Civil Action No. 10–476 RMC
Amy Lynn Neuhardt, Hamish P.M. Hume, Kathleen Simpson Kiernan, Boies, Schiller & Flexner, LLP, Washington, DC, Patrick A. Moran, Detroit International Bridge Company, Warren, MI, Heather M. King, Theranos, Inc., Palo Alto, CA, Robert Allen Sedler, Wayne State University Law School, Detroit, MI, for Plaintiffs. Douglas A. Dozeman, Eugene E. Smary, Scott M. Watson, Warner Norcross & Judd LLP, Grand Rapids, MI, Sarah Catherine Lindsey, Warner Norcross & Judd LLP, Southfield, MI, Brian Matthew Collins, Davene Dashawn Walker, U.S. Department of Justice, Washington, DC, Peter Christopher Whitfield, Baker Hostetler, Washington, DC, for Defendants.
Amy Lynn Neuhardt, Hamish P.M. Hume, Kathleen Simpson Kiernan, Boies, Schiller & Flexner, LLP, Washington, DC, Patrick A. Moran, Detroit International Bridge Company, Warren, MI, Heather M. King, Theranos, Inc., Palo Alto, CA, Robert Allen Sedler, Wayne State University Law School, Detroit, MI, for Plaintiffs.
Douglas A. Dozeman, Eugene E. Smary, Scott M. Watson, Warner Norcross & Judd LLP, Grand Rapids, MI, Sarah Catherine Lindsey, Warner Norcross & Judd LLP, Southfield, MI, Brian Matthew Collins, Davene Dashawn Walker, U.S. Department of Justice, Washington, DC, Peter Christopher Whitfield, Baker Hostetler, Washington, DC, for Defendants.
ROSEMARY M. COLLYER, United States District Judge
The Ambassador Bridge spans the Detroit River between Detroit, Michigan and Windsor, Ontario and carries more than one-quarter of the total commercial traffic between the United States and Canada. The Bridge is privately owned by the Detroit International Bridge Company (DIBC) and its wholly-owned subsidiary, the Canadian Transit Company (CTC). However, the Ambassador Bridge is more than eighty years old. Its owners want to construct an adjacent twin spin (New Span) to serve customers while major work is performed on the Ambassador Bridge. To their dismay, however, a cross-border partnership of government entities has proposed the construction of a new publicly-owned bridge, the New International Transit Crossing/Detroit River International Crossing (NITC/DRIC), which would compete with the Ambassador Bridge and destroy the financial basis for the New Span.
Plaintiffs sue Federal Defendants for allegedly violating Plaintiffs' exclusive franchise right to own and operate a bridge between Detroit and Windsor and violating Plaintiffs' franchise right to build the New Span by promoting the publicly-owned NITC/DRIC and preventing progress on the New Span for over a decade. The Court already dismissed Count 4 of the Third Amended Complaint, which alleged that the United States Coast Guard violated the Administrative Procedure Act, 5 U.S.C. §§ 701–06, by intentionally delaying and failing to issue a navigational permit for the New Span. Federal Defendants move to dismiss the remaining eight counts. For the reasons below, the Court will grant in part and deny in part Federal Defendants' Motion to Dismiss.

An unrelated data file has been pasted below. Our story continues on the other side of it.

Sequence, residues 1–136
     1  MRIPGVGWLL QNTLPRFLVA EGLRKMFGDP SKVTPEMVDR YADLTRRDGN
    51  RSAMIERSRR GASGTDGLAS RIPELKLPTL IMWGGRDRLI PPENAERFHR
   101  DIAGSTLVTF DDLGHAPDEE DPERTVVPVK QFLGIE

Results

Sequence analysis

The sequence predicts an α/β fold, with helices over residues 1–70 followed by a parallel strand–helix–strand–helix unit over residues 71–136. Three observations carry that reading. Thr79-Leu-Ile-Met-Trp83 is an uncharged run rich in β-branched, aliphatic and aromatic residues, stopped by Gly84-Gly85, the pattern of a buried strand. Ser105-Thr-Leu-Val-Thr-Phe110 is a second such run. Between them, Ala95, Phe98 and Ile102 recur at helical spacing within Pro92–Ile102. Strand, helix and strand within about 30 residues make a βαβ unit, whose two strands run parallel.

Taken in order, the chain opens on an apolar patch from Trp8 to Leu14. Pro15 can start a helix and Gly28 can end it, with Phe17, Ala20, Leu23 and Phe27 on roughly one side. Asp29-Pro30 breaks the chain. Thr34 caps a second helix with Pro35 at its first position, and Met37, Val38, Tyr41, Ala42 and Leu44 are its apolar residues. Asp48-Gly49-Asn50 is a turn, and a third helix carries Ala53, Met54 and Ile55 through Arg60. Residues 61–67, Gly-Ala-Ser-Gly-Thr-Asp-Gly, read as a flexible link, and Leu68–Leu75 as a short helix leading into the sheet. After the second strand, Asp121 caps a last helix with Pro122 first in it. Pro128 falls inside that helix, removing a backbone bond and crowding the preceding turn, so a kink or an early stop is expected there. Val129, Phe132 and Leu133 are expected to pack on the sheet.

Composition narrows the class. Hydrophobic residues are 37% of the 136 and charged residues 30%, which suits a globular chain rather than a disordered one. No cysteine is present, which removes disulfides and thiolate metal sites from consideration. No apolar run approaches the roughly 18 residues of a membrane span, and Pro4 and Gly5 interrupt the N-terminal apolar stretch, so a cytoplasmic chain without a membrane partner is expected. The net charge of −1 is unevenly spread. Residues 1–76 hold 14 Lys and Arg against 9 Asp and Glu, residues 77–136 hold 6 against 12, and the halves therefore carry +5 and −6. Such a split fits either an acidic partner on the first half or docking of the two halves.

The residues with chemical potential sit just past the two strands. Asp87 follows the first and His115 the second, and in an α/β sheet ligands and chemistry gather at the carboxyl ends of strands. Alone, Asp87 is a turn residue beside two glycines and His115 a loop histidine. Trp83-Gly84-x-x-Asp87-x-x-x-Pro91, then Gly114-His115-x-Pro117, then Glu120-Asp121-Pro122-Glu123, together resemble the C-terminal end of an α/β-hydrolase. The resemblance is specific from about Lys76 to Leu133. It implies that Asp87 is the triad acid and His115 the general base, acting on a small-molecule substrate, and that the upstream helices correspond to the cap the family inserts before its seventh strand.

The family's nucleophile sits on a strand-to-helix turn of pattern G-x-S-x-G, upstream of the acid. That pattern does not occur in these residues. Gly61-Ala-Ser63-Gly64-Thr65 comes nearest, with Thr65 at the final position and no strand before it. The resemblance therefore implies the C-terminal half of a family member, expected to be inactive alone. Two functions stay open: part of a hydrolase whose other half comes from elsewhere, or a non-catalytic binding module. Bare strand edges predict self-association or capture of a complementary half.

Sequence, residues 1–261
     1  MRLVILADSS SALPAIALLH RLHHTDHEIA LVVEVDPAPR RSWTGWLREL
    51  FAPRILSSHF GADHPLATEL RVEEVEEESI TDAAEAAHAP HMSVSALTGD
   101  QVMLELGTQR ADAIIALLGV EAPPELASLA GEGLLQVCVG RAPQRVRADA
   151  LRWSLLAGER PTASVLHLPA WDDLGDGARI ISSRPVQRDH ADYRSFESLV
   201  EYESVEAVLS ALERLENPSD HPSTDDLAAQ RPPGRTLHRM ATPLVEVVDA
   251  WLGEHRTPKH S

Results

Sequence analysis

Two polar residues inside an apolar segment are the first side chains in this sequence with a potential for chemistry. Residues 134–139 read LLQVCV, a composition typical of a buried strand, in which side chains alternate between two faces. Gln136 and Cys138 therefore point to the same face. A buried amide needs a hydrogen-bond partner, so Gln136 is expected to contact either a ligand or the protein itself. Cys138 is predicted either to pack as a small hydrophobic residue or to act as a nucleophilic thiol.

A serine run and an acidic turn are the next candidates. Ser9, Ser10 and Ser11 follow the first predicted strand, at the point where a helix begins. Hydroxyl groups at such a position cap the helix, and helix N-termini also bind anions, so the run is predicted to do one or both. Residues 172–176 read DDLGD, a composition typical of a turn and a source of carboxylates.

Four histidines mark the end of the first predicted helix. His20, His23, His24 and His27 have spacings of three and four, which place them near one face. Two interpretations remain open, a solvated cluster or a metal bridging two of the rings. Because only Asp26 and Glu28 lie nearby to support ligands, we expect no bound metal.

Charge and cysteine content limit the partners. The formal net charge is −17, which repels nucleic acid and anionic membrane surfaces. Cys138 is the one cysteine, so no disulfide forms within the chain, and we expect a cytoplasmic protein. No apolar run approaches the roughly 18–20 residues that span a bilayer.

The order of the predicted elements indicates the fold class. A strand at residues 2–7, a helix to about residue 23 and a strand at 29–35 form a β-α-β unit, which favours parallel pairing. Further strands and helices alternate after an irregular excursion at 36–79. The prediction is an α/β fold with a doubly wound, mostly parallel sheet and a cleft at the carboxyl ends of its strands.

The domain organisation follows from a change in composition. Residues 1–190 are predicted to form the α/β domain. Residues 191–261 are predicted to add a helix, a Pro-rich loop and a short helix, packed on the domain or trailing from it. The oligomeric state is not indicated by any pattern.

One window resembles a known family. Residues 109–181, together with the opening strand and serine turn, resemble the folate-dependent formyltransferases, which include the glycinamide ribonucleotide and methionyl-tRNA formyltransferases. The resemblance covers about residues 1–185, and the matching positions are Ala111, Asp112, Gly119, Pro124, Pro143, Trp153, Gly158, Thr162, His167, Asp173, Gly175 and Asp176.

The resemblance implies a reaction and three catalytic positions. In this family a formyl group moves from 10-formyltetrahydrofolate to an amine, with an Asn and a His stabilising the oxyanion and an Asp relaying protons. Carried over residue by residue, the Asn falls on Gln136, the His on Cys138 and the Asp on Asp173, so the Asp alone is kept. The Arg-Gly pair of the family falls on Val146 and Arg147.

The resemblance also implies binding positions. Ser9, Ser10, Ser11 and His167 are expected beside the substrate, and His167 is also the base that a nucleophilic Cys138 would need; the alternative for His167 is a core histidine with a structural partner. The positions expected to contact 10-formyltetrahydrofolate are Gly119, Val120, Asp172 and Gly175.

Like the court, I do not reach the question, which is one of first impression in this circuit, whether the challenged programs are subject to Title IX. Op. at 264–65.
A. The Ambassador Bridge
In 1909, the United States and the United Kingdom of Great Britain and Ireland, which at that time was responsible for Canada's foreign affairs, signed and ratified a treaty addressing, among other things, the construction of bridges and other impediments to navigation across the waters separating the United States and Canada. See Boundary Waters Treaty, U.S.-Gr. Brit. (for Can.), Jan. 11, 1909, 36 Stat. 2448 (Boundary Waters Treaty). The Boundary Waters Treaty governs the construction of new bridges over the boundary waters between the United States and Canada. 3rd Am. Compl. [Dkt. 105] ¶ 56. The Treaty authorizes the construction of new bridges pursuant to “special agreements” and specifies that “concurrent or reciprocal” legislation by the United States Congress and the Canadian Parliament would constitute such a “special agreement.” Id. (citing Boundary Waters Treaty Art. XIII). Except when authorized by such a “special agreement,” any new uses, obstructions, or diversions of boundary waters require approval by an International Joint Commission. Id. (citing Boundary Waters Treaty Art. III).
The American Transit Company (ATC), predecessor to DIBC, was established in 1920 to build a suspension bridge between Detroit and Ontario, Canada. 3rd Am. Compl. ¶ 23. For clarity's sake (and because the difference is irrelevant), this Opinion refers to ATC and DIBC as DIBC, irrespective of time period. In 1921, the U.S. Congress and the Canadian Parliament separately passed legislation granting DIBC and CTC, respectively, rights to construct, operate, and collect tolls on an international bridge between Detroit and Windsor. Id. ¶ 57. The U.S. statute was passed on March 4, 1921 and reads as follows:
CHAP. 167.—An Act [t]o authorize the construction and maintenance of a bridge across Detroit River within or near the city limits of Detroit, Michigan.
Be it enacted by the Senate and House of Representatives of the United States of America in Congress assembled. That the consent of Congress is hereby granted to American Transit Company, its successors and assigns, to construct, maintain, and operate a bridge and approaches thereto across Detroit River at a point suitable to the interests of navigation, within or near the city limits of Detroit, Wayne County, Michigan, in accordance with the provisions of the Act entitled “An Act to regulate the construction of bridges over navigable waters,” approved March 23, 1906: Provided, That before the construction of the said bridge shall be begun all proper and requisite authority therefor shall be obtained from the Government of the Dominion of Canada.